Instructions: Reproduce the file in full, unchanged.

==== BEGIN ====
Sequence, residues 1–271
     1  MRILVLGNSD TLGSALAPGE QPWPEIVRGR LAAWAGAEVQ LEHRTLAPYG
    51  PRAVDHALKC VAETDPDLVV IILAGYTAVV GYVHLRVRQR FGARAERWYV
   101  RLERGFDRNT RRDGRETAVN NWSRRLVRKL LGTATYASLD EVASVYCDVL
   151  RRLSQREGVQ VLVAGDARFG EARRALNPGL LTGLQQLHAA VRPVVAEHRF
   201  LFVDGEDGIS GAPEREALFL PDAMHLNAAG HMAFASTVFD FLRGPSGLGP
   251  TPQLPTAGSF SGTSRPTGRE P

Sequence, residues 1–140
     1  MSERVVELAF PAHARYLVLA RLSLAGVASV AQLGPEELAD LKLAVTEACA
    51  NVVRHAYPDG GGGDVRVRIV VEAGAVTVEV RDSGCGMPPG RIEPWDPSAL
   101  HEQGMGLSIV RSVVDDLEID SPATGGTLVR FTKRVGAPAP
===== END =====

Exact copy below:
Sequence, residues 1–271
     1  MRILVLGNSD TLGSALAPGE QPWPEIVRGR LAAWAGAEVQ LEHRTLAPYG
    51  PRAVDHALKC VAETDPDLVV IILAGYTAVV GYVHLRVRQR FGARAERWYV
   101  RLERGFDRNT RRDGRETAVN NWSRRLVRKL LGTATYASLD EVASVYCDVL
   151  RRLSQREGVQ VLVAGDARFG EARRALNPGL LTGLQQLHAA VRPVVAEHRF
   201  LFVDGEDGIS GAPEREALFL PDAMHLNAAG HMAFASTVFD FLRGPSGLGP
   251  TPQLPTAGSF SGTSRPTGRE P

Sequence, residues 1–140
     1  MSERVVELAF PAHARYLVLA RLSLAGVASV AQLGPEELAD LKLAVTEACA
    51  NVVRHAYPDG GGGDVRVRIV VEAGAVTVEV RDSGCGMPPG RIEPWDPSAL
   101  HEQGMGLSIV RSVVDDLEID SPATGGTLVR FTKRVGAPAP